Cuban flavour

Second stop: Cuba

From San Salvador, Columbus sailed south, on October 27, 1492 He discovered Cuba but isn’t until the next morning that he decided to disembark, choosing the banks of a “raging river”, naming it “River of the Seas.” In that place Columbus set foot on Cuban soil. After the ceremony where he took possession of the land on behalf of King Ferdinand, and named this island Juana, he sailed by boat up the river. Later he wrote, “This is the most beautiful land human eyes have ever seen.”
Today’s recipes are very simple but tasty. Let’s begin with a Cuba Libre, a drink born during the Spanish-American War at the turn of the century, adopting the battle cry of the Cuba Liberation Army during the war of independence that ended in 1898. After that, how about a bite of a Cuban sandwich?, a popular meal in south Florida where many Cubans have settled since the early 20th century.

It is believed that the sandwich was a common lunch food for workers in both the cigar factories and sugar mills of Cuba (especially in big cities such as Havana or Santiago de Cuba) and the cigar factories of Key West by the 1860s. Historian Loy Glenn Westfall states that the sandwich was “born in Cuba and educated in Key West”.
(Various sources)

Cuba Libre


2 oz. light rum
Juice of 1/2 limes


Pour lime juice into a highball glass over ice cubes. Add rum; fill with cola, stir, and serve.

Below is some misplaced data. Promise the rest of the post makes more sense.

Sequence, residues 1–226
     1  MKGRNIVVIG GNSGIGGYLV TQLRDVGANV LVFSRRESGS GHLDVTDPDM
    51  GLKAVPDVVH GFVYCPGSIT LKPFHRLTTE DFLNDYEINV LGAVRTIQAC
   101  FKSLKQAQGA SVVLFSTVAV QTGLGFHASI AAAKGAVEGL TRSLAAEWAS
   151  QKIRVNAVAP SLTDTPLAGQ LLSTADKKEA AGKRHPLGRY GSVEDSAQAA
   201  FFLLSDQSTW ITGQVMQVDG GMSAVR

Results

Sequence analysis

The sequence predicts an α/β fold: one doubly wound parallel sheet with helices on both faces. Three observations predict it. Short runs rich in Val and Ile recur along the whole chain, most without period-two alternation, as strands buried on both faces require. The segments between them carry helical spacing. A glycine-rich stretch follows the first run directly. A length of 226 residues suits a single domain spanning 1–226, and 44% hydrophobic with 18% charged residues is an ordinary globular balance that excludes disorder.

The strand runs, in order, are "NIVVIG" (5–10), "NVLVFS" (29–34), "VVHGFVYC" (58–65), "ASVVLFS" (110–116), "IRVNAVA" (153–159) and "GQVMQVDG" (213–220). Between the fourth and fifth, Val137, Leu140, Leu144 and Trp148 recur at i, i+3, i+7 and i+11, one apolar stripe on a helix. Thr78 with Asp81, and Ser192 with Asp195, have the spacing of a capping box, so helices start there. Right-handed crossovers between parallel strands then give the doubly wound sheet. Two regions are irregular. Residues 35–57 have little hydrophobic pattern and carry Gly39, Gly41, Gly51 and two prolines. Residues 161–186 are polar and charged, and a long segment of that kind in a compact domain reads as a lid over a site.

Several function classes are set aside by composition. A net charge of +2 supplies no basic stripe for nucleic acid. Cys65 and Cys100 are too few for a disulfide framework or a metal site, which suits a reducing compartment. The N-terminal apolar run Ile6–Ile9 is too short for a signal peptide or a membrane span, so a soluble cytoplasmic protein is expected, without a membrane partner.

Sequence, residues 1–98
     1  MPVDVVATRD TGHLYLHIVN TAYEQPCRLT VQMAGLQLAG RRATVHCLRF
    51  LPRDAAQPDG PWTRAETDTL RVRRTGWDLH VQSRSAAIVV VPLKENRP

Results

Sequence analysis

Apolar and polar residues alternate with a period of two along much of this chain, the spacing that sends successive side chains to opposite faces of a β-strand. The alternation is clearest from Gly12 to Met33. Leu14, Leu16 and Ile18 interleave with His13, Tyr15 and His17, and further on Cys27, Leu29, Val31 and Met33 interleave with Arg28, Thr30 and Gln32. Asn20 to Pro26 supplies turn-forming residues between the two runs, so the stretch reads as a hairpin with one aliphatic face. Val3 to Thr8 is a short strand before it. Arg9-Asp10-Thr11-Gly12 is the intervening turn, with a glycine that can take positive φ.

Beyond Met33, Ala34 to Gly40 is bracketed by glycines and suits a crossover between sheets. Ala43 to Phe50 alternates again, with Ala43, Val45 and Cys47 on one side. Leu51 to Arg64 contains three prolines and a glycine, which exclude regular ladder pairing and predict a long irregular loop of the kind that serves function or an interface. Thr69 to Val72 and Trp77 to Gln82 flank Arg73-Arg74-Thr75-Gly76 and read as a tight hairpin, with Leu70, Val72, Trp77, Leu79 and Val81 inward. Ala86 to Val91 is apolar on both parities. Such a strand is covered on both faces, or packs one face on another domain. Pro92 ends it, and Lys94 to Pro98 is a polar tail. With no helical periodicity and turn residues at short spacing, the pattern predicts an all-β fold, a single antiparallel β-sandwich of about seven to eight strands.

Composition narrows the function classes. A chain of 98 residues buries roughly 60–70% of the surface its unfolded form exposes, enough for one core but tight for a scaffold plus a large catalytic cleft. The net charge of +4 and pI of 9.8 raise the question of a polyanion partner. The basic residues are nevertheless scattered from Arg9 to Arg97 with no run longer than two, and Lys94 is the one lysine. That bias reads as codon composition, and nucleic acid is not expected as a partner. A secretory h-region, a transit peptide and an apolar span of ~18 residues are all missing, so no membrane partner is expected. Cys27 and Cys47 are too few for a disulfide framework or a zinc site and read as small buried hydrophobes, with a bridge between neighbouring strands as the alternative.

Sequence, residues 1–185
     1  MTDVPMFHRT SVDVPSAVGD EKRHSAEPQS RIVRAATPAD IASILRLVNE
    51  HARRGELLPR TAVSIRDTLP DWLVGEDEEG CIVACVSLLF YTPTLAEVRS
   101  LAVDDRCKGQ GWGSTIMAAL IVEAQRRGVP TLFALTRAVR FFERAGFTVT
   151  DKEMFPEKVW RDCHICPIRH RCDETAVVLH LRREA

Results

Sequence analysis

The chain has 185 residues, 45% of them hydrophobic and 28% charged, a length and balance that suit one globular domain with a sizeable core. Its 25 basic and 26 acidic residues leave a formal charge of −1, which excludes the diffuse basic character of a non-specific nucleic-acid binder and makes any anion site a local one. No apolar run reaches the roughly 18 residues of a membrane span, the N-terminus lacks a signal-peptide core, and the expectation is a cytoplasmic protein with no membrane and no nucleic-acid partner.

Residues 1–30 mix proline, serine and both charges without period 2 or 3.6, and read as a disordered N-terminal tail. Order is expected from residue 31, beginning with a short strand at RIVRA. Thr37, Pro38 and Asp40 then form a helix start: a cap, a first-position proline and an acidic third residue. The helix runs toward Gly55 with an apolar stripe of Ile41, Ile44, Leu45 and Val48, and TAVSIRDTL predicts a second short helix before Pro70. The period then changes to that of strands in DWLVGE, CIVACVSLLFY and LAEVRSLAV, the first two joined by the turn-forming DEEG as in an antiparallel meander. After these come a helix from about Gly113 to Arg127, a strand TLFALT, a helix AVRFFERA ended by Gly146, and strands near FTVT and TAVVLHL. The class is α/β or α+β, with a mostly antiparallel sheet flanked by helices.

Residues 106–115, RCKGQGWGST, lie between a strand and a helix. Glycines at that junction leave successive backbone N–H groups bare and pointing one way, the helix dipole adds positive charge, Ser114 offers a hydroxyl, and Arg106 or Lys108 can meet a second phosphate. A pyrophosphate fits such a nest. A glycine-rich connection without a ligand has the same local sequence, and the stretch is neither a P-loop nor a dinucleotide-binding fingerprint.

Cuban Sandwich


3 thin slices of ham
3 thin slices roast pork hot or cold
3 thin slices of Swiss cheese (I used gruyere cheese)
3 or 4 slices of pickles
Cuban bread hard crust
Mustard (I used both, sweet and Dijon mustards)


The original recipe calls for fresh, crusty Cuban bread, but I couldn’t find it so instead I used one mini baguette and one mini ciabatta.

Slice the bread open face so that both halves are still barely connected and spread mustard on both halves. Add the ham, and then the roasted pork. Add your Swiss cheese and then a few slices of pickle. Make sure to spray your sandwich press with a little butter flavored Pam, or for a tastier sandwich you can brush some softened butter on the outside of the bread.

Place the sandwich in a Cuban sandwich press and press down until the cheese is melted and the bread is slightly hard to the touch. For those of you without a press (Me), you can also place the sandwich in a hot skillet and press down on it with a heavy kitchen object, a baking pan will do.


Adapted from


13 thoughts on “Cuban flavour

    1. Dear Cecilia. I just read your first post on your diet and I think is great. I’m still carrying 4 extra kg. since this summer and cannot get rid of them, maybe I’ll join you 😉

  1. There was a Cuban restaurant near here that made a delicious roast pork sandwich, much like yours here. Unfortunately, just like every other place I “discover” and praise to my friends, it closed 6 months later. At least now, thanks to you, I can attempt to make my own sandwich. Thank you!

  2. One thing I miss about not living in Florida is the wonderful Cuban bread. As light as air and so crunchy. Your photo of that sandwich is making me hungry…it is one of my favorites.

    1. Yes, Cuban bread is really good. I couldn’t find it here in Madrid, but I remember it from Panama… You can use French or Italian bread, is not the same but quite good too 🙂

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